Wind and Stone

Not the swoop
or the spread of the feathers
but the wait on the treetop,
the watcher’s presence.

Alistair Noon launches his new Longbarrow Press pamphlet, QUAD, at The Fat Cat, Alma Street, Sheffield S3 8SA on Monday 8 May (7.30pm start). Alistair will also be joined by Longbarrow poet Chris Jones (who, like Alistair, recently contributed to the Rose of Temperaments project: the two poets will present a ‘re-colouring’ of each other’s sonnets as part of the reading). The event is free; all are welcome.

Later this month, the South Yorkshire Poetry Festival returns, with a varied programme of readings, performances, open mics and poetry walks between 16-28 May. Among the featured events is ‘Vanishing Point’, a Sheffield city walk led by poets Angelina D’Roza and Pete Green (Sunday 28 May, 11am start); click here for more information (and to reserve places) on the walk. The full festival programme can be accessed here.

The wind with nothing. / The stone’s directions. On The Journal of Wild Culture‘s site, a ‘long short story’ by Mark Goodwin explores the shifting, deceptive textures of crag, ridge and gully, its protagonist improvising a path between risk and transcendence, veil and vision, movement and paralysis, against the backdrop of an unnamed peak. Click here to read ‘The Ewe Stone’ (accompanied by an interview with Goodwin and a selection of images drawn from The Seven Wonders by Paul Evans).

A new Longbarrow Press podcast, drawing on poems in the first section of Matthew Clegg‘s recent collection The Navigators, offers a ‘fireside’ ambience, in which Clegg reflects on intimacy, hospitality and romantic love, and the landscapes, creatures and people of Grasmere. Listen to ‘Trig Points: The Hearth’:

1: Karl Hurst
3: Paul Evans 

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Street Furniture

Ahead of the 2017 Ted Hughes Festival in June, poets Matthew Clegg, Karl Hurst and Fay Musselwhite feature as part of a Longbarrow showcase at Doncaster’s long-running Well Spoken! event. The poets, introduced by editor Brian Lewis, will present a selection of work with an accent on contemporary England, from its urban centres to its ragged edges. Upper Room, Doncaster Brewery & Tap, 7 Young Street, Doncaster, DN1 3EL, Thursday 13 April, 7.30pm (the Longbarrow showcase will be followed by an open mic). Admission free; all welcome.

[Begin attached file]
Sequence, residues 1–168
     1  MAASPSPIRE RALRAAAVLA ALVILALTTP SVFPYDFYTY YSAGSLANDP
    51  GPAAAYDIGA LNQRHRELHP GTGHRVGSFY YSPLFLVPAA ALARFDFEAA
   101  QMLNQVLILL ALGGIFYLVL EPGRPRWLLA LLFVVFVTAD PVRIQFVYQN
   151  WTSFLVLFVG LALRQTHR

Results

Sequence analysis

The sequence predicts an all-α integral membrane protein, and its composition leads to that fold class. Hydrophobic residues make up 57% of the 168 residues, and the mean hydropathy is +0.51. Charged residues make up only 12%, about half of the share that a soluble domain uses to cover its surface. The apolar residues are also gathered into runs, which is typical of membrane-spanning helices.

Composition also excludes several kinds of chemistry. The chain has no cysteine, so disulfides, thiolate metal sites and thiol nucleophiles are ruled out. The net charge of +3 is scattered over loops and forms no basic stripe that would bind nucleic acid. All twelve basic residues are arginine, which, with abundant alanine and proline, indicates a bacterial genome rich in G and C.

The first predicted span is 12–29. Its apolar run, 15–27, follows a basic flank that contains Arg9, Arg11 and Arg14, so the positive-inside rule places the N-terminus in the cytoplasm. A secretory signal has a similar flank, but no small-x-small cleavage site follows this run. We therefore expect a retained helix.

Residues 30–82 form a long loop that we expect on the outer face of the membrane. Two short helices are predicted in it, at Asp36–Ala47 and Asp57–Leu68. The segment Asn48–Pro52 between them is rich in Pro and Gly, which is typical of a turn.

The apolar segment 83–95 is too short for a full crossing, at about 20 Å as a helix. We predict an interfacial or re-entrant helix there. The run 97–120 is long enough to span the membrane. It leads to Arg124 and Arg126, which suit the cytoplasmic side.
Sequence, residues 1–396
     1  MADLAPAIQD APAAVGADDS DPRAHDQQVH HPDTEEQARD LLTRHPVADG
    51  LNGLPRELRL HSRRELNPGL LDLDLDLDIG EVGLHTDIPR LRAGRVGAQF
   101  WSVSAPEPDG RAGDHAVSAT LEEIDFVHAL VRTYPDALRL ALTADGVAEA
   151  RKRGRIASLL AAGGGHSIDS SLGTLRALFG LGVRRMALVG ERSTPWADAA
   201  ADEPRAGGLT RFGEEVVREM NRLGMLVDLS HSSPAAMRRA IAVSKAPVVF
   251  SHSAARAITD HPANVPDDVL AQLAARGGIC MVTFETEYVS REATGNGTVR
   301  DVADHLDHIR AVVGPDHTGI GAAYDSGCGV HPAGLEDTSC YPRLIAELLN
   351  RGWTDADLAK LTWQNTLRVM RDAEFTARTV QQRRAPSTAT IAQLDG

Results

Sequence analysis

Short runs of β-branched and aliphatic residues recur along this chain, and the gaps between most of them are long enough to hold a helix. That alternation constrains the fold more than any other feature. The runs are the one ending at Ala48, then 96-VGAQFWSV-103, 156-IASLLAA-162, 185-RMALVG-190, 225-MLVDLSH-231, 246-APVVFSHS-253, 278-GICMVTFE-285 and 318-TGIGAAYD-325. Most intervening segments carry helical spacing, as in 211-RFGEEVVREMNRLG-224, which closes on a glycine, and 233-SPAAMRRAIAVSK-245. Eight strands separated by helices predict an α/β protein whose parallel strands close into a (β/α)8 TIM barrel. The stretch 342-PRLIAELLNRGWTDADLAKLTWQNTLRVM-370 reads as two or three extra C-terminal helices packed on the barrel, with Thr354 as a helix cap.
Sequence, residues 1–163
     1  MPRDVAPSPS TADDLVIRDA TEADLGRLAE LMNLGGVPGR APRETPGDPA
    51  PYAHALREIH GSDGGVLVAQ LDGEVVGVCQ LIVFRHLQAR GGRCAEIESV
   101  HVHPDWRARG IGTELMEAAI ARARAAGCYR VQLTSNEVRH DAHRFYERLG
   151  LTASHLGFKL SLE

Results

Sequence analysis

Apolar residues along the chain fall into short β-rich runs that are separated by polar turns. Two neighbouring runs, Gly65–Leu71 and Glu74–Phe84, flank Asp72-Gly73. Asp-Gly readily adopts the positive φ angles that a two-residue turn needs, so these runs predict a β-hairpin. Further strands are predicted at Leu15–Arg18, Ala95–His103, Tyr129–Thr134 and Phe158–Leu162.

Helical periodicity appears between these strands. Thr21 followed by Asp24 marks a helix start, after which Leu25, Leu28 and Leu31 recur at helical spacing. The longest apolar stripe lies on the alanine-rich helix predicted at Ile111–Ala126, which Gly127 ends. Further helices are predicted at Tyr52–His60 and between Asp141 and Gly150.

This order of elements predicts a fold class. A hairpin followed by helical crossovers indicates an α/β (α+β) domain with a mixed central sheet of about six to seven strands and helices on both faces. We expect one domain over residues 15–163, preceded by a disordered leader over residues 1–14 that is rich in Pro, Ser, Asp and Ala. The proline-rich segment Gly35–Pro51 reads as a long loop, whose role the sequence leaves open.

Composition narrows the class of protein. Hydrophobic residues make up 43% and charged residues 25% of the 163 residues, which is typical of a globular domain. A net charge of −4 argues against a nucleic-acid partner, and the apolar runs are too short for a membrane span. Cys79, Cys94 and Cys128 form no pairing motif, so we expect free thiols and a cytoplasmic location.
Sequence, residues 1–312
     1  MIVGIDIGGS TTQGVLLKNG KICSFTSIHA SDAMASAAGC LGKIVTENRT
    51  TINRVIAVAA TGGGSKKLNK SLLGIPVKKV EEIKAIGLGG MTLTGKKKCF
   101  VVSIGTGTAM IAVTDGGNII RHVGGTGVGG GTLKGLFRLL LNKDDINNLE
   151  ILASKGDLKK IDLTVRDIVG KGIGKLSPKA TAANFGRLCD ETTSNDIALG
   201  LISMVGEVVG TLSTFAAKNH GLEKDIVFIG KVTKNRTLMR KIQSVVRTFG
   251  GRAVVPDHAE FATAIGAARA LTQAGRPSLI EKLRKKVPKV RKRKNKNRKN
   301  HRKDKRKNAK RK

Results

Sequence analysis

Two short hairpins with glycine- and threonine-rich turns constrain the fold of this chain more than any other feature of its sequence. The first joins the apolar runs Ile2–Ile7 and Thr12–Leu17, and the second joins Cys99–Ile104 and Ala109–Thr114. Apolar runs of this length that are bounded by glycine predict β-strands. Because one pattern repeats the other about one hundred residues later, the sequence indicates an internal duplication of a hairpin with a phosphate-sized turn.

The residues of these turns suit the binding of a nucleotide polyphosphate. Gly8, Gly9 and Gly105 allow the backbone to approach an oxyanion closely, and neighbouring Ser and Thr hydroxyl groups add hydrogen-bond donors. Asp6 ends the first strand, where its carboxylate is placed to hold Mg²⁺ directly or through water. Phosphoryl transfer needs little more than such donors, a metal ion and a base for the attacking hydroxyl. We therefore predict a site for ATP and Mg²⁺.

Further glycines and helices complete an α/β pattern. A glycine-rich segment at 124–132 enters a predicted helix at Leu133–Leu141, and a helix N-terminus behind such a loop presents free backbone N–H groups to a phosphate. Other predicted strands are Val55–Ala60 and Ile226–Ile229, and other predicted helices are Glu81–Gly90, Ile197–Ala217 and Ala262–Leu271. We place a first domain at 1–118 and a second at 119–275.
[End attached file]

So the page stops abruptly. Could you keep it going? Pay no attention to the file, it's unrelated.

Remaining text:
On the Longbarrow Blog, Matthew Clegg takes up the theme of homelessness, the ‘burden’ of Peter Reading’s 1989 collection Perduta Gente, in which the accounts of dereliction and dispossession are heightened by Reading’s juxtaposition of ‘found material’ (the ‘property pages’ in which the homeless are swaddled) with a ‘brutal and brutalised’ vernacular, ‘the only [idiom] adequate to that predicament.’ ‘The painstaking lengths to which Reading goes to render this vernacular implies respect for his subjects. It also deepens the reader’s sense of encounter with another stratum. Reading’s approach is immediate and sociological. These people are in our midst, imploring us to listen. They are also on the other side of a social gulf the minute they open their mouths.’ Click here to read ‘Don’t think it couldn’t be you’.  ‘We rely on memory to make sense of the present. To some extent, what we see is what we’ve seen before. What we gain from distance, perhaps, temporal and spatial, is the ability to construct a narrative…’  Our second post, by Angelina D’Roza, gathers several forms – poem, prose, letter – into its folds, as it tracks the human voice across distances, intimacies and silences, expanded and collapsed by technology and memory, a dream of ‘what you wanted to say heard and understood, as you meant it to be heard and understood.’ Click here to read ‘About the Human Voice’.  Chris Jones continues his year-long series of candid, ruminative essays on the creative process with ‘The Lure’, which focuses on a recent collaboration with the artist Paul Evans and, in particular, the crafting of a single couplet. It also addresses the tendency of many poets to avoid critical reflection and self-examination when considering their own work, finding that ‘one of the ironies of writers reflecting on their own practices is how limited the analysis of craft is, of finding words to externalise this inward-looking game.’ Click here to read the essay.

Our current Featured Poem is ‘Lesser Common Rustic’ by Fay Musselwhite (from her debut collection Contraflow). Click here to read the poem. We’ve also created a new audio podcast of Fay Musselwhite’s first ‘Contra Flow’ poetry walk through the Rivelin Valley, north-west Sheffield, in March 2014:



1, 3: Emma Bolland
2: Karl Hurst

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